Tag Archives: medical home

The Journey Toward Participatory Design – Talk at AAHB 2012

Recently I had the delightful privilege to be asked to speak at the annual conference of the American Academy of Health Behavior. Unlike many conferences I attend, it was intimate, allowed plenty of time to network and relax, and was at a wonderful place – the Four Seasons Hotel in Austin, Texas. Planning was done by my long-time colleague Herb Severson, investigator at the Oregon Research Institute in Eugene, and Elaine Borawski, AAHB President and investigator at Case Western.

The March meeting theme, Applications of Technology in Health Behavior Change Research, brought outstanding presentations, discussions and a hands-on tech demo session. It was fun to catch up with health IT leaders including David Ahern, advisor for RWJF’s Aligning Forces for Quality and Project Health Design, the NCI’s Brad Hesse, Kevin Patrick at UCSD and the Center for Wireless & Population Health Systems, and Audie Atienza, HHS Technology Advisor and leader for mobile health, David Abrams at the Legacy Foundation, Paul Estabrooks at Virginia Tech, and Hope Lab’s Ellen LaPointe.

It was a huge treat to meet BJ Fogg and hear him talk about persuasive technologies. Even better, to hear examples of taking small steps that make a big difference in engaging people in change. If he’d ever entertain a Boot Camp for VA leaders and innovators, we’d be swimming in a Perfect Storm…

I talked about leveraging technology to Let Patients Contribute. I see a ‘journey’ toward participatory design. Some years back (not long ago!) innovators promoted information therapy – providing patients “information prescriptions.” This was followed by patient centered medical homes, or team-based proactive care, with primary care on steroids and all other care that’s coordinated. Participatory medicine — our current destination — is about shared decision making, engaged and empowered patients and families, and liberal use of electronic tools used by patients/consumers. The ideal destiny, however, is participatory design, where patients and families are an integral part of development and improvement…in an ongoing and continuous manner. Some are moving toward this, but it’s still the exception, not the rule.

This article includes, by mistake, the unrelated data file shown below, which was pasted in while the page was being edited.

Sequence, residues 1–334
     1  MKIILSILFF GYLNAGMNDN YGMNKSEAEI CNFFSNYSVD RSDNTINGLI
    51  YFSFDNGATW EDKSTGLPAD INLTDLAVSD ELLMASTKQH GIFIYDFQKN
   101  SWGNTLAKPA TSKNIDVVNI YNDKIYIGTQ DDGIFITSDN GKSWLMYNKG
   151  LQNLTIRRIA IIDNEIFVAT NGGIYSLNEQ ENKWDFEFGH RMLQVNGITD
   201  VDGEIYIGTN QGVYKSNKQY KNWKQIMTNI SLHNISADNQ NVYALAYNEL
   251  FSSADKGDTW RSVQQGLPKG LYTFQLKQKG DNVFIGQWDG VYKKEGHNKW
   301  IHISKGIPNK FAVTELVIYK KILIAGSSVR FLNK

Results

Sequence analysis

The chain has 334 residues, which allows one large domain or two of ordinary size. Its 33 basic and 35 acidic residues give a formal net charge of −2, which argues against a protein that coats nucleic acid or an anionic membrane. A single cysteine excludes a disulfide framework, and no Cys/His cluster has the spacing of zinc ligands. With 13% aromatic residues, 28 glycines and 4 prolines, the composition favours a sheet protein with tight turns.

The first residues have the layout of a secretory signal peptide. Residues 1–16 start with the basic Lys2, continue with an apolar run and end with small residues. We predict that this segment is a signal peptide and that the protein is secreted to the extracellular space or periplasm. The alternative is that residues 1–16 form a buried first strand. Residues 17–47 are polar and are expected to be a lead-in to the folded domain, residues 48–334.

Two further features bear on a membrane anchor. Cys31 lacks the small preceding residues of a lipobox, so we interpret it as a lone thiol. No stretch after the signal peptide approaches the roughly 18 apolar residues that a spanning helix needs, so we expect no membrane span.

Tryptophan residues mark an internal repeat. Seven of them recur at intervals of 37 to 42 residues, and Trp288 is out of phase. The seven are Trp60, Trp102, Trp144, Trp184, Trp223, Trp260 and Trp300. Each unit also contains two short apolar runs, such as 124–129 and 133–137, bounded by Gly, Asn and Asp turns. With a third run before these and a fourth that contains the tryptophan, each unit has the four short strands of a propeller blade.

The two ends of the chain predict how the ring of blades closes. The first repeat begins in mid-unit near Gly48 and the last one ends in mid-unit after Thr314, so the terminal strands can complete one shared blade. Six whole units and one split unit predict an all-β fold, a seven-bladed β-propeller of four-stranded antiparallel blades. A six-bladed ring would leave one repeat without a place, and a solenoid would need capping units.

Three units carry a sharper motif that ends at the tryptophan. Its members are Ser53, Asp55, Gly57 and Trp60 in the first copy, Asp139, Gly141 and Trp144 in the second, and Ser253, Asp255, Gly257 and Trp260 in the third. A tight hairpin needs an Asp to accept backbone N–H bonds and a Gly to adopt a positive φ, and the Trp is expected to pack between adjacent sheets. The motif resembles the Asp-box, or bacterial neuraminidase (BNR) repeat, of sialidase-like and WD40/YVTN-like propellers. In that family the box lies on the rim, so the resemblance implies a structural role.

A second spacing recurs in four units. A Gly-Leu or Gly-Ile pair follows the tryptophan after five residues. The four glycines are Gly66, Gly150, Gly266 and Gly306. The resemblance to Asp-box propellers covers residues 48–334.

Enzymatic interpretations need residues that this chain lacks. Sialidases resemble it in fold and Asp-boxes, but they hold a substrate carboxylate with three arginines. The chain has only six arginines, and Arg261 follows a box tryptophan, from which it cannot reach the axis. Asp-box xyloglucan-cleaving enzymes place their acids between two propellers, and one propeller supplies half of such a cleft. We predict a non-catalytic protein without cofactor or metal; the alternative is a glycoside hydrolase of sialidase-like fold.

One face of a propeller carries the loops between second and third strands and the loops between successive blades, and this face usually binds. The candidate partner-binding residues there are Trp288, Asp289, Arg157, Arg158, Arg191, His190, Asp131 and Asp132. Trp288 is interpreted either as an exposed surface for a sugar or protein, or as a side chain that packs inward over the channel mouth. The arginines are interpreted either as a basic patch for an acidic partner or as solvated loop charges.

What will it take? How do we increase consumer demand for participation and contribution? Will we know a tipping point when we’re in the middle of it?

All my slides are available at the AAHB website, here. The last few slides are some findings from open notes/shared clinic notes at the VA. More to come, very soon, on this truly exciting study! Let Patients Contribute!

Medical Home Journey: Patients Validate it’s All About the Relationship

Today is the second day of Portland VA Medical Center’s retreat on the Patient Centered Medical Home. Several hundred clinicians, managers, leaders and others left the hustle and bustle of the medical center, learning and reflecting on transforming toward robust, Veteran-centric care. The speakers have been outstanding. And the attendees are engaged and excited, seemingly ready to embark on the journey. Yes, toward Participatory Medicine!

It’s empowering to listen to Oregon colleagues – inside and beyond the VA. The state’s been a leader bringing stakeholders together to articulate Medical Home goals in a patient-centered framework.

Mary Minniti, Director of Quality Improvement at PeaceHealth Medical Group, shared a wealth of experience bringing patients and families into the design process of improvement. She spoke of patients as the experts in their own health, and presented the Shared Care Plan. This (only?) community-wide patient portal developed in Whatcom County, WA gives people an online vehicle for self-care and communication with experts.